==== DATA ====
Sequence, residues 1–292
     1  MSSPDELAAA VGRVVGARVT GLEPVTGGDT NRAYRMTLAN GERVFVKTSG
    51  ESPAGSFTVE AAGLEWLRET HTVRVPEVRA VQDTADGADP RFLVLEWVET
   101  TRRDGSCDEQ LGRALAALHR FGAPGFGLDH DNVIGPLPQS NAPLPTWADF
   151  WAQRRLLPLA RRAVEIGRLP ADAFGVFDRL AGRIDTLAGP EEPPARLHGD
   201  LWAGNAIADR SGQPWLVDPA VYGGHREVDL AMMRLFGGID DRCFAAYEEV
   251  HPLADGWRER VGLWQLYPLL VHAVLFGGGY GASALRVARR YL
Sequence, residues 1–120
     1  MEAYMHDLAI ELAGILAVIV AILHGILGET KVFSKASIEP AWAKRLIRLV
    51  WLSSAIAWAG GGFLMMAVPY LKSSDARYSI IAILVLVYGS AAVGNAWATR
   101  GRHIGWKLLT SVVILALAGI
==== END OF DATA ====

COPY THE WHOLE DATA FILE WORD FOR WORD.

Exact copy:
Sequence, residues 1–292
     1  MSSPDELAAA VGRVVGARVT GLEPVTGGDT NRAYRMTLAN GERVFVKTSG
    51  ESPAGSFTVE AAGLEWLRET HTVRVPEVRA VQDTADGADP RFLVLEWVET
   101  TRRDGSCDEQ LGRALAALHR FGAPGFGLDH DNVIGPLPQS NAPLPTWADF
   151  WAQRRLLPLA RRAVEIGRLP ADAFGVFDRL AGRIDTLAGP EEPPARLHGD
   201  LWAGNAIADR SGQPWLVDPA VYGGHREVDL AMMRLFGGID DRCFAAYEEV
   251  HPLADGWRER VGLWQLYPLL VHAVLFGGGY GASALRVARR YL
Sequence, residues 1–120
     1  MEAYMHDLAI ELAGILAVIV AILHGILGET KVFSKASIEP AWAKRLIRLV
    51  WLSSAIAWAG GGFLMMAVPY LKSSDARYSI IAILVLVYGS AAVGNAWATR
   101  GRHIGWKLLT SVVILALAGI